By Christie L. Chicoine
CS&T Staff Writer

STRAFFORD – Our Lady of the Assumption Parish in Strafford, Chester County, recently completed a $1.4 million renovation project on the 88-year-old church that includes substantial structural upgrades, a redesigned outdoor piazza, an indoor/outdoor elevator, a new indoor staircase and vestibule, refurbished confessionals, repositioning of the baptismal font and relocation of the parish offices.

“Now that our church is more accessible, we as people of faith are in a better position to give God praise and to work in spreading His Gospel,” said Msgr. Joseph T. Marino, Assumption’s pastor who also serves as the regional vicar for Chester County.

Cardinal Justin Rigali blessed and dedicated the church at the 5 p.m. Mass Saturday, Oct. 17.

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The front steps outside the church have been widened and brought up to code, and an elevator at the side of the church allows easy access for those who are unable to climb them.

The church and rectory are accessible through a significant number of steps which, the pastor believes, were originally installed as a solution to a high water table. Although the parish has a handicapped-accessible ramp, the elevator is a welcome alternative to those who had difficulty maneuvering the high and lengthy incline, which was constructed to conform to the elevated structure.

Eleanora Rose, 86, is ecstatic about the elevator. “It’s a blessing,” she said. The week before the elevator was up and running, Rose was rather uneasy on her feet as she walked up the handicapped-accessible ramp with the use of her cane. Now, she said, “You go in off the ground floor, push the button and up you go.”

Another inconvenience of the past for Rose is her accessibility to Mass cards. Before, she had to find an alternate source to obtain the cards because she was unable to maneuver the steps to the parish office at its previous location.

“Now, it’s really very convenient,” she said of being just an elevator ride away from the office.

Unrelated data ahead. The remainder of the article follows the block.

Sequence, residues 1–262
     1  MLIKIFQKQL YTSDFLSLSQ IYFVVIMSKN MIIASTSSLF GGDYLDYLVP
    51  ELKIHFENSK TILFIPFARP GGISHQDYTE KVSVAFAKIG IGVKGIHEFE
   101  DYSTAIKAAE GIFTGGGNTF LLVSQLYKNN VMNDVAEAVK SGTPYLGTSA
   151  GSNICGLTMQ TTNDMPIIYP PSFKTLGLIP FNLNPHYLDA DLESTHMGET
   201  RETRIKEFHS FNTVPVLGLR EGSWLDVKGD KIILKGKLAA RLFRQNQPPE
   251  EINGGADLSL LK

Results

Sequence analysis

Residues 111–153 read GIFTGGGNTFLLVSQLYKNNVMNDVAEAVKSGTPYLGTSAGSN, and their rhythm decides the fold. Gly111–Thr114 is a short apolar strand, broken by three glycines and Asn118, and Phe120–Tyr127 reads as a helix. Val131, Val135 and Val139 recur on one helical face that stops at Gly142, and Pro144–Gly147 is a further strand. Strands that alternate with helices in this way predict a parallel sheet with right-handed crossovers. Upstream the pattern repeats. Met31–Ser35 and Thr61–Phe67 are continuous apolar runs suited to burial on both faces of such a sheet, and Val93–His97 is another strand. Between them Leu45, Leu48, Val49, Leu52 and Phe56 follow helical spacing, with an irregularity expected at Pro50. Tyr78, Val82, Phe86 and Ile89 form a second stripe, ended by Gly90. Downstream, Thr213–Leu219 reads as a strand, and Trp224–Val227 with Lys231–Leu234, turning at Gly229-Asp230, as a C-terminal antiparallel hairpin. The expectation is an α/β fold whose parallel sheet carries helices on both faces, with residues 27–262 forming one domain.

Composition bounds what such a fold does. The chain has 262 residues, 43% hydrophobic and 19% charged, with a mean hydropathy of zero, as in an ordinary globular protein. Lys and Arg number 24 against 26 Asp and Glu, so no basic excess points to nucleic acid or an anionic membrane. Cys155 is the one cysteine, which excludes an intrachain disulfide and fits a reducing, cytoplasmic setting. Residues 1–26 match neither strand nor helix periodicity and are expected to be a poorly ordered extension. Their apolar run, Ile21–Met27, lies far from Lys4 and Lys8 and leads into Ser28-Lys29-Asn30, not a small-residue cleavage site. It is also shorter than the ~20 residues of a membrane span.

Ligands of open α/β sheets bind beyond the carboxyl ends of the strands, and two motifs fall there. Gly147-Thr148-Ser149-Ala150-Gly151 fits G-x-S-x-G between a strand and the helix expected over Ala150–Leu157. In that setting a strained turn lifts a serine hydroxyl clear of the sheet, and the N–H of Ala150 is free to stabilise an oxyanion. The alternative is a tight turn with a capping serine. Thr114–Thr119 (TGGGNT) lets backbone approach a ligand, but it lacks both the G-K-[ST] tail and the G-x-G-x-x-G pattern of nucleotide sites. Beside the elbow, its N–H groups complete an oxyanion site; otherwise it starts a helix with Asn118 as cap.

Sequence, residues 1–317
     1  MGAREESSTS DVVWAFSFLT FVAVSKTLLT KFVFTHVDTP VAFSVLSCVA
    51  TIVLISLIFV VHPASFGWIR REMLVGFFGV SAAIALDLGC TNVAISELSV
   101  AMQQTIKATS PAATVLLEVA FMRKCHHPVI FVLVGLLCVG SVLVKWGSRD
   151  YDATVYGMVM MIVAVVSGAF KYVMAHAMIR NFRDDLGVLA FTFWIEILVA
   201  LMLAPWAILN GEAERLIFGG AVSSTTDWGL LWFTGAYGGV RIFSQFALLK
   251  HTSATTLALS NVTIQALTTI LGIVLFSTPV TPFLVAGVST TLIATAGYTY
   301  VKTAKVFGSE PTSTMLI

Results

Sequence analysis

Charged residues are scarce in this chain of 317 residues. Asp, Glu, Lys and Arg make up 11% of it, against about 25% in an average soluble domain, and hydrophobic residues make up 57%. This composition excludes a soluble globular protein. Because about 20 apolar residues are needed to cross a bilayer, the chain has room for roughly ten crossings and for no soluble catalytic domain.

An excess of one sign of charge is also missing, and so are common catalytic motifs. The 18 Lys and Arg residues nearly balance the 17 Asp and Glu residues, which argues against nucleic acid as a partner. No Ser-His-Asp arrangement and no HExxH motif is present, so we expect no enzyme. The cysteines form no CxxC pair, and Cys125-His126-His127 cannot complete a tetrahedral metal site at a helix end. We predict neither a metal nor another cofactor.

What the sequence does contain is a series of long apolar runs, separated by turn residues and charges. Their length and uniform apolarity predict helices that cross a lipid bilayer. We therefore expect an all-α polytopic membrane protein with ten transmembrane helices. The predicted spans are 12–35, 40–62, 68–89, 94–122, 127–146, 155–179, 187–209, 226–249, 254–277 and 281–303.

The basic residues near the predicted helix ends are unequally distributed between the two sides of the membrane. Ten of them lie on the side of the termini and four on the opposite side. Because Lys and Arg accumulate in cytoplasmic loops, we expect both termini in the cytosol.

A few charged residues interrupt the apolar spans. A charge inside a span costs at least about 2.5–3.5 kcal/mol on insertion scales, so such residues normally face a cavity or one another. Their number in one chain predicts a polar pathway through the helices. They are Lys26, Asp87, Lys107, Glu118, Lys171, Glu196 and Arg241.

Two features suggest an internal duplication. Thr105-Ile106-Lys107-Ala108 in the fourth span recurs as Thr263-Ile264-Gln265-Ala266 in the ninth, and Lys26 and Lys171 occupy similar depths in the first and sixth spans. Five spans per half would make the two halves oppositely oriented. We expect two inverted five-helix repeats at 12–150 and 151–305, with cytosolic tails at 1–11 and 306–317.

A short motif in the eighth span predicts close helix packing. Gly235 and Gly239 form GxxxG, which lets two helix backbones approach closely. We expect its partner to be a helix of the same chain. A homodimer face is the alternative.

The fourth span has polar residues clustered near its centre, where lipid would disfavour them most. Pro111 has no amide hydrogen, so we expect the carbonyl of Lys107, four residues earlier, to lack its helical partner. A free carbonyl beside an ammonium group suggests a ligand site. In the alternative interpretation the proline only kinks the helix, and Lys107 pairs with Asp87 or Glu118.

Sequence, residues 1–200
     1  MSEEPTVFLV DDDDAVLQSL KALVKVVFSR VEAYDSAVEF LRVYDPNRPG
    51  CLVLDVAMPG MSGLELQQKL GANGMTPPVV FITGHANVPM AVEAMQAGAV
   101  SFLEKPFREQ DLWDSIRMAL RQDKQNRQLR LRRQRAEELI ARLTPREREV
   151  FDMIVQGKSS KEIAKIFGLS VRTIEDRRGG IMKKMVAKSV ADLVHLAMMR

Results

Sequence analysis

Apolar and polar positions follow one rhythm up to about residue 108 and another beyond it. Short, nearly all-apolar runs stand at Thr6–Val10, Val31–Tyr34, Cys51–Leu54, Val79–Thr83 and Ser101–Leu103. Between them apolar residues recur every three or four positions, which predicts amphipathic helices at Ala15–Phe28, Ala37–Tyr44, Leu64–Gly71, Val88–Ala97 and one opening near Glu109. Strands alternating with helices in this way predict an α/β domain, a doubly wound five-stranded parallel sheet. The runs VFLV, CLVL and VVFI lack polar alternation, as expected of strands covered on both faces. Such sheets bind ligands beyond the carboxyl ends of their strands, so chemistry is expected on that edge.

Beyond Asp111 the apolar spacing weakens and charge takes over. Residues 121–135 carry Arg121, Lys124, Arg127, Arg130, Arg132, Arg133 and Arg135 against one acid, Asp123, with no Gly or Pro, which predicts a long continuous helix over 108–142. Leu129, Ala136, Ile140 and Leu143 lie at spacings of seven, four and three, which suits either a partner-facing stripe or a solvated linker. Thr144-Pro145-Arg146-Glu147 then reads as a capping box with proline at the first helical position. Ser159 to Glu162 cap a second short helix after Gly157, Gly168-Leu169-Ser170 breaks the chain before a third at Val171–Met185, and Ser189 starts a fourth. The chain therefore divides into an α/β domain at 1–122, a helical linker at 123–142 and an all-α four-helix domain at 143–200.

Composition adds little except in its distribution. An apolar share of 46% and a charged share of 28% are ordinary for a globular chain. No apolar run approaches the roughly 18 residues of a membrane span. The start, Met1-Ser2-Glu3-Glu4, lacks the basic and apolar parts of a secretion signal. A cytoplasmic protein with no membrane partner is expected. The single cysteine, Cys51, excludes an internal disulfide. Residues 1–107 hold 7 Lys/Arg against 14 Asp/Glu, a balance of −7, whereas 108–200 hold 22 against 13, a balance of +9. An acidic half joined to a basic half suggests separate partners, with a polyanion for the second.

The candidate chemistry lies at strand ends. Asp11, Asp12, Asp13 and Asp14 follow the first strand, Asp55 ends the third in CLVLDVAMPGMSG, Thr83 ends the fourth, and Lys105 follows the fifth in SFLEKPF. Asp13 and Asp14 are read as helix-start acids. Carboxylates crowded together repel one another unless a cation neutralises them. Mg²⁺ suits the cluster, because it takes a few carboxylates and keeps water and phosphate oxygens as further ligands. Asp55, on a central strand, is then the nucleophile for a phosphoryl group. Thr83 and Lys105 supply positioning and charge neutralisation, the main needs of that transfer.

The renovations, Rose added, are “a Godsend.”

Previously, parishioners had to step up to get to the church proper from the vestibule. Now, through a renovation of the vestibule, its floor is level with the floor of the body of the church.

The lower church was also renovated and now contains a chapel-like meeting space, restrooms and the parish’s offices, which were previously located in the rectory.

A staircase from the lower church to the choir loft replaces a narrow spiral stairwell that spanned solely from the main floor to the choir loft.

The church remained open for worship throughout the yearlong project.

Rick West, director of music ministries, is singing praises about the staircase that replaced the spiral stairwell.

“It is extremely helpful to our musicians because that little narrow, winding, spiral staircase had no rails to hold onto – just the center post. Only one person at a time could go up and down. The wider staircase with rails on both sides is much safer. Now, people can go up and down simultaneously. It’s definitely an advantage for our aging choir members.”

The meeting space in the lower church is particularly beneficial to parents who will no longer have to bundle up their children in the winter months when they send them from the church proper to another building on the property for participation in the children’s Liturgy of the word on Sunday mornings.

Christine Gaeto, a parish historian, appreciates the prominence a stained glass window of the Assumption now has since it was moved from the side of the church to the refurbished vestibule. In its previous location, another building on the parish property blocked its view and prevented light from shining through.

“I find it wonderful how Monsignor has considered the parishioners of the past and our heritage in incorporating parts of our church in the renovations,” she said of the dignified places the pastor found for the stained glass window and some of the parish’s other signature pieces of yesteryear.

Christine’s husband Mark, a member of the parish pastoral council, agreed. “Monsignor has just done a great job in taking our 100-year-old church into the modern realm and preparing it for the next 100 years,” he said.

Mark Gaeto said the project also repositions into the community the parish’s thriving pre-school and kindergarten programs.

Assumption has 1,050 registered families, or 3,000 registered inspaniduals, on its roster.

To pay for the project, the parish drew a portion from its trust fund, which it plans to replenish within a five-year period.

The renovations were made to build up the church both physically and spiritually for present parishioners and those of future generations, Msgr. Marino said.

As a result, “the church has been restored to a beautiful setting for worship and the lower church provides facilities and offices that are welcoming and adequate for the work of evangelization,” he added.

“We invest all of this to continue to fuel the renewal” needed by both the local community and the Church at large, Msgr. Marino said.

“We’ve positioned ourselves for the future.”

To view the renovations, visit the web site

CS&T Staff Writer Christie L. Chicoine may be reached at 215-587-2468 or